Writers Supporting Other Writers

Yesterday, my good friend and fellow Writer’s March challenger, Melanie Unruh successfully defended her disseration and passed (with distinction!).  For those who don’t know the process, at the end of your MFA, you usually have to turn in your manuscript to a committee of professors/writers, and then formally “defend” it.

I always love watching dissertation defenses.  When I had read about them, I had thought that they would be a much more daunting experience.  I pictured tryouts for Juliard, a panel of stoic faced people sitting at a table and firing questions at the writer in an attempt to knock them down.  Probably the furthest thing from what actually happens. The writer gives a brief reading of their work and then the committee members ask he or she questions about his or her manuscript.  In the end–at least in our program–the dissertation feels like one giang love fest.

You can thank the movie Flashdance for the image I had in my head of what a dissertation defense looked like...

Melanie’s went particularly well.  She’s completed the third draft of a complicated novel with dual story lines, two time periods, a treasure trove’s worth of family secrets, and it faces, head on, the topic of abortion.  The conversation about her work was engaged and encouraging and as I sat there, on several occasions, I had this giant need to burst into tears.  I was so happy for her.

Melanie and I started this program four years, and I don’t even think we are the same people we were when we arrived here.  Yes, people change over a four year period, but the last four years have been more than that.  They’ve been transformative.  And yesterday it occurred to me that here I am, very close to the end of it all.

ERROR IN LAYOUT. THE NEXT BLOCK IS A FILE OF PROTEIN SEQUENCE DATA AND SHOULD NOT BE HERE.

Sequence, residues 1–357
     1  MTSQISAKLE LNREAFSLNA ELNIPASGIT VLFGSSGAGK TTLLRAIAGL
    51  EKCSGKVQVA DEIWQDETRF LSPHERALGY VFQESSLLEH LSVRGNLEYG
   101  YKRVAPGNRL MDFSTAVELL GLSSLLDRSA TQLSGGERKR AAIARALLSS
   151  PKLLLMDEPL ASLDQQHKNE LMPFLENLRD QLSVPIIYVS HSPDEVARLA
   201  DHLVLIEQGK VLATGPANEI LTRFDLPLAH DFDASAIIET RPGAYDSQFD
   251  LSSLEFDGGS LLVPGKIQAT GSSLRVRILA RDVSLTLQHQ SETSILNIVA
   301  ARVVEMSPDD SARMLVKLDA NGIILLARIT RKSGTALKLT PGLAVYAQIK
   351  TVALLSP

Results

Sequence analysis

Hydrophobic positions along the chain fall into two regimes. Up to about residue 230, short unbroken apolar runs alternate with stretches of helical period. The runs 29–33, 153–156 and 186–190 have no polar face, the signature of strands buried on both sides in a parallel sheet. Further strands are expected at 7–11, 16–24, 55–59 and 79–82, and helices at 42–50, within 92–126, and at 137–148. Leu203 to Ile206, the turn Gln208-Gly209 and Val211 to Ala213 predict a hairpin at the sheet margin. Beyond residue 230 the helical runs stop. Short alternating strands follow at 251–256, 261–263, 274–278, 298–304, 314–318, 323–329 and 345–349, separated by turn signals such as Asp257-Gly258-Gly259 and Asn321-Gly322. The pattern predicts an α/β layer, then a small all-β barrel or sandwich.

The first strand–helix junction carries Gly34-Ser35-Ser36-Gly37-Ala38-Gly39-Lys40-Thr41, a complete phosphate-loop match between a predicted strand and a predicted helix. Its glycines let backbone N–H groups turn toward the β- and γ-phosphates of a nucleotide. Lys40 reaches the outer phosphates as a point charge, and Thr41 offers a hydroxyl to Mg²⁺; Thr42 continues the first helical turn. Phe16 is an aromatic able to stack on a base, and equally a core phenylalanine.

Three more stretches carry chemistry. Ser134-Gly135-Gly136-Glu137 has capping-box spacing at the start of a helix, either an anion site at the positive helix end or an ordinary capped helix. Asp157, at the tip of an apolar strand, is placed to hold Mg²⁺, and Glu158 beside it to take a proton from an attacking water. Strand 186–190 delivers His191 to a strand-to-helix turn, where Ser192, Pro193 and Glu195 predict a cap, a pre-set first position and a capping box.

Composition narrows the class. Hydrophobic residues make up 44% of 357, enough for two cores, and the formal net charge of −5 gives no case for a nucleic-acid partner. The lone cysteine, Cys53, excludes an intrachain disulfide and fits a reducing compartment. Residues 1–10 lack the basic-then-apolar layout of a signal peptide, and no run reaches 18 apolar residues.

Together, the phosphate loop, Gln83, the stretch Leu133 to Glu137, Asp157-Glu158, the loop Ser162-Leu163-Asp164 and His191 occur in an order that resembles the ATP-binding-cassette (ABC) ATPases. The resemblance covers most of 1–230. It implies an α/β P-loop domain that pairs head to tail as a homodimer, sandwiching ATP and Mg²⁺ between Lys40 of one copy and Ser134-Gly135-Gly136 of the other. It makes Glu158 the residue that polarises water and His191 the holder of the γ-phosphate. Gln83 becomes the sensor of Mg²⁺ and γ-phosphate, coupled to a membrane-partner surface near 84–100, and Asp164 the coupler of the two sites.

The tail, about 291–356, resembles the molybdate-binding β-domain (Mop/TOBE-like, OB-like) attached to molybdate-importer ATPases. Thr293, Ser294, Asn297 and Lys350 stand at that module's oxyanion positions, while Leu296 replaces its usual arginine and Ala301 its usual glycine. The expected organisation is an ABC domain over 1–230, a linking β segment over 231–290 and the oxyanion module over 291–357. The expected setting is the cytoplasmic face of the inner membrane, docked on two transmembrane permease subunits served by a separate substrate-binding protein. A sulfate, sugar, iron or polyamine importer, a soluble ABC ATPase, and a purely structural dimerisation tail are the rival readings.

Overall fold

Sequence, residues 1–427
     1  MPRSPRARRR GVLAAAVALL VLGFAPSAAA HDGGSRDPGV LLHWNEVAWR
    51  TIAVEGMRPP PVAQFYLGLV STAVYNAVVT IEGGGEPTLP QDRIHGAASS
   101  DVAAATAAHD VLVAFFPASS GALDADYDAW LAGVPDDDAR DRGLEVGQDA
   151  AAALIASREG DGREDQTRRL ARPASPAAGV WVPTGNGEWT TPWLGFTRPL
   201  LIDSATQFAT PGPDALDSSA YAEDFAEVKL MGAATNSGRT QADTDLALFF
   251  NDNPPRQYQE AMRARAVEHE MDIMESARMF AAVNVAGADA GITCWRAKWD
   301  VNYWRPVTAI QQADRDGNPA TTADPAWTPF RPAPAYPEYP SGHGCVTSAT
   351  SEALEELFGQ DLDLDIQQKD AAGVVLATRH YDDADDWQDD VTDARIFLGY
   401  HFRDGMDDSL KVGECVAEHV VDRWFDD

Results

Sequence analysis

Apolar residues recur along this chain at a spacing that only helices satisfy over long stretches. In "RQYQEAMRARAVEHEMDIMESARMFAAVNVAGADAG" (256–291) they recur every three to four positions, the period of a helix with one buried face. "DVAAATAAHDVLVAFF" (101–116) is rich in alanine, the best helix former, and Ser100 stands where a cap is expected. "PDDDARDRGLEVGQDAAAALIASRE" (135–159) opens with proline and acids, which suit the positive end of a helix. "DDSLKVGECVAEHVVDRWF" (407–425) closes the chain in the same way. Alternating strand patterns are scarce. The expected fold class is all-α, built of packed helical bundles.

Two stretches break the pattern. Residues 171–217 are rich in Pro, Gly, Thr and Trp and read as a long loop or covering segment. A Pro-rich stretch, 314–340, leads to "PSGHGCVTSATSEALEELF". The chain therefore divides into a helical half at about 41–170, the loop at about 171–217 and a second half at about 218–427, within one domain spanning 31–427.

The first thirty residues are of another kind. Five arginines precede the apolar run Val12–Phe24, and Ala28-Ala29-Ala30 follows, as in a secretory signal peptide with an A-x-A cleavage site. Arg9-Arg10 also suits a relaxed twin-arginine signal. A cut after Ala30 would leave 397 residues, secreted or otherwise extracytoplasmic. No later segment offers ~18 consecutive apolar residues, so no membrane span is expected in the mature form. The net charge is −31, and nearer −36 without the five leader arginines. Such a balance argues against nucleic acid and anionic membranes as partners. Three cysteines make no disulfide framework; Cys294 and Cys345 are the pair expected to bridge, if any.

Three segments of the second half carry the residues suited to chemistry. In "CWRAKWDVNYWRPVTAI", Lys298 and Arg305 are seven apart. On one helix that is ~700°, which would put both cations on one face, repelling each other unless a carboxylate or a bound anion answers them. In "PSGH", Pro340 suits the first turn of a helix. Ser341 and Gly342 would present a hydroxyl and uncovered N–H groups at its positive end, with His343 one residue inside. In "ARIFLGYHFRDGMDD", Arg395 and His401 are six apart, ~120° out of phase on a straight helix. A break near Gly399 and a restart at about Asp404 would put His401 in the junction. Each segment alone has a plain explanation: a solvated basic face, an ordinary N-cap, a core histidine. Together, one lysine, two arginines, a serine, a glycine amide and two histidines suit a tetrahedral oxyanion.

Here's Melanie at her defense. One of her committee members was participating via SKYPE. Hence her computer. What you can't see in the picture are the handful of people sitting behind the camera

As writers, I think its natural for us to be prone to jealousy.  Another writer getting published or finishing something can make us feel insecure or angry or full of disbelief.  Sometimes we might feel defeated–will I be able to do that?  Or we might feel extra pressure– I better make mine as good as that.  Or we might doubt ourselves–as I often, often do.  Part of what made yesterday so wonderful was that the room was only full of love and admiration for the work Melanie had done.  It was a beautiful example of writers supporting other writers.  Of all the writers I know, she is the one who works the hardest, day after day, draft after draft, page after page, and it was lovely to see her honored for that.

Today, I’m writing because Melanie inspires me.  Because the end of things are also the beginning of things.  Because the more words that are in the world, the better the world will be.  Because this is what I do.  I write.  We write.

Thanks Melanie.  Today is for you.

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